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Hecker receives Enrico Fermi Award

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Former LANL Director Sig Hecker receives prestigious honor

By Carol A. Clark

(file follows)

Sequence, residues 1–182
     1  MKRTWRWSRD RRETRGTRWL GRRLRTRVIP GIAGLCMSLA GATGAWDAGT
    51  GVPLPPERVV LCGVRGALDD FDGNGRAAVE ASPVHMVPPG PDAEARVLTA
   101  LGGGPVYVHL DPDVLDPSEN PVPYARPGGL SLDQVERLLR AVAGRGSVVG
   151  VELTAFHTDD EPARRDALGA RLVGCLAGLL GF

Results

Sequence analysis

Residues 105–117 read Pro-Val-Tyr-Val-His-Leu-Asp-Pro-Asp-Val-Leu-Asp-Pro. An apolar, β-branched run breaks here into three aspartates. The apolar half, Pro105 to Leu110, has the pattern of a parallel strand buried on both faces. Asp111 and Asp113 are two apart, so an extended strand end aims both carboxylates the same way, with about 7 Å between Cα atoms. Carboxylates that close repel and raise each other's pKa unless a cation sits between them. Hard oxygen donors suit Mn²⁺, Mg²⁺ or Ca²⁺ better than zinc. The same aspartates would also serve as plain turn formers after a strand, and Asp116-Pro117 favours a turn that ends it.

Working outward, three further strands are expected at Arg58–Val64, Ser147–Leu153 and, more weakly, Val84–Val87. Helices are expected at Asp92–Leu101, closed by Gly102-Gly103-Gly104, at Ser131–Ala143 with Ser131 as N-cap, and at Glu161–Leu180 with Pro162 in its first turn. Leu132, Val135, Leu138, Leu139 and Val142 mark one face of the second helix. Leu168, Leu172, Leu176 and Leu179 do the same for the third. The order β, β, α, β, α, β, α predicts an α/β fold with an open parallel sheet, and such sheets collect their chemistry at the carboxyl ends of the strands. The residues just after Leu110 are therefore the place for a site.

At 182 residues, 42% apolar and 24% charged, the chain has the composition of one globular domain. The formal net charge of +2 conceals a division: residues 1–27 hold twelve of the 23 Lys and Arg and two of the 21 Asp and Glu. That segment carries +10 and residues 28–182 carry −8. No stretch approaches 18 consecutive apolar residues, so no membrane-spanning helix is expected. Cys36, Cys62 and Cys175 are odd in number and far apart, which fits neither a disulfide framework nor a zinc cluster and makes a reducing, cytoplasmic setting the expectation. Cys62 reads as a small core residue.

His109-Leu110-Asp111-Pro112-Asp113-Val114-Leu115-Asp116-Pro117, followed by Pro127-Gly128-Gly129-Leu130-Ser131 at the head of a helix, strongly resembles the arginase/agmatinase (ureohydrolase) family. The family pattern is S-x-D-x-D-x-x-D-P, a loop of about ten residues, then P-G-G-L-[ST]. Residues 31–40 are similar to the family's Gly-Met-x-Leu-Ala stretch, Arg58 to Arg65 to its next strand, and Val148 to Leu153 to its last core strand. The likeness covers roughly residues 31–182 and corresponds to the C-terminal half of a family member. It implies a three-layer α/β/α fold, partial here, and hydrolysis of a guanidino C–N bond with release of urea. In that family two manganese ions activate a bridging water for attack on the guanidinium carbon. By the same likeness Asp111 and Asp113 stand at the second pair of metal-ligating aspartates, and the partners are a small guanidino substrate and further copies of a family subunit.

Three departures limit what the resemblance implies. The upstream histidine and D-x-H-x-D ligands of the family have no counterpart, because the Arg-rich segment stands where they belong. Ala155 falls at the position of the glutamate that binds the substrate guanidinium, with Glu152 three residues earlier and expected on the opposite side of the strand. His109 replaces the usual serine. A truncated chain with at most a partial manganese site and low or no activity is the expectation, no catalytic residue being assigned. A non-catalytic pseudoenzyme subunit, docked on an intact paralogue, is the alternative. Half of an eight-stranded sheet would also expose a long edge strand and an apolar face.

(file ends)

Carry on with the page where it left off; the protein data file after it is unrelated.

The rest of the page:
Siegfried Hecker, co-director of the Center for International Security and Cooperation at Stanford and director emeritus of Los Alamos National Laboratory, has been named a recipient of the 2009 Enrico Fermi Award. The award is one of the government’s oldest and most prestigious science and technology prizes. U.S. Energy Secretary Steven Chu announced the award Thursday, which is shared with John Bannister Goodenough of the . The Presidential honor carries a $375,000 prize, which will be divided between the recipients. They also receive a citation and gold medal. “The 2009 Enrico Fermi Award will go to two scientists who have selflessly devoted themselves to our nation’s energy and national security challenges,” said in a news release. “These two individuals are pioneers in innovative research and I want to thank them for their work and congratulate them on this award.” The award, which honors 1938 Physics Nobel Laureate Enrico Fermi, will be presented by at an upcoming ceremony in “I want to personally congratulate Sig Hecker for this very prestigious award,” LANL Director Michael Anastasio said. “From plutonium metallurgy to stewardship of the nation’s nuclear deterrent, to building international collaborations, Sig’s contributions to national security are significant and inspirational to Los Alamos National Laboratory’s scientists. His scientific and management achievements span a lifetime of tireless advocacy of science in the public interest. On behalf of Los Alamos National Laboratory, congratulations.” Hecker, 65, is being recognized for his contributions to plutonium metallurgy, his broad scientific leadership and for his energetic and continuing efforts to reduce the danger of nuclear weapons worldwide. Hecker said he is “deeply honored and humbled” to receive the award. “I have been most fortunate to have worked with inspirational people at great institutions such as the Los Alamos National Laboratory and ,” he said. “I have been able to pursue my passion for science and technology, especially in the nuclear arena and how these affect international security.” Hecker is credited with resolving a long-standing controversy involving the stability of certain structures or phases in plutonium alloys near equilibrium that arose from significant discrepancies between and former Soviet research on plutonium metallurgy. He also contributed to the understanding of plutonium aging, which is of critical importance in assessing the reliability and performance of the nuclear weapons stockpile. In addition, Hecker was one of the principal architects of the science-based stockpile stewardship approach, which is still in use today to certify the safety and reliability of ’s nuclear deterrent. During the latter part of his tenure at LANL, where he was based until 2005, Hecker was a pioneer in global nuclear nonproliferation and threat reduction, establishing collaborative research and mutual cooperation with the nuclear weapons laboratories in Russia and other former Soviet Republics. “I really attribute most of receiving this award to my colleagues at over the years and the inspiration that place gave to me,” Hecker said during an interview from his office at Thursday afternoon. “It’s the place of and the name of that has opened doors and made so many things possible for me. Now besides my work in the spirit of nuclear stewardship I try to inspire the next generation.” Hecker credits his beloved wife of 44 years, Nina, saying “she deserves half of this.” “Our four daughters all grew up in and they and my wife had to live with my strange work habits and trips to unusual places around the world. Nina has made it easy, she’s been so supportive in everything I’ve done.” Hecker earned a bachelor’s degree in master’s in 1967 and a doctorate in 1968, all in metallurgy from . He directed LANL from 1986 to 1997 and remained there as a senior fellow until 2005 when he joined Stanford’s faculty. Goodenough, 87, is being honored for his lifetime contributions to materials science and technology, particularly the science underlying lithium-ion batteries. The Enrico Fermi award, established in 1956, is administered for the White House by the U.S. Department of Energy. It honors the memory of Enrico Fermi, leader of the group of scientists who, on , achieved the first self-sustained, controlled nuclear reaction at the . Among the first recipients were physicists John von Neumann, Ernest O. Lawrence, Hans Bethe and J. Robert Oppenheimer.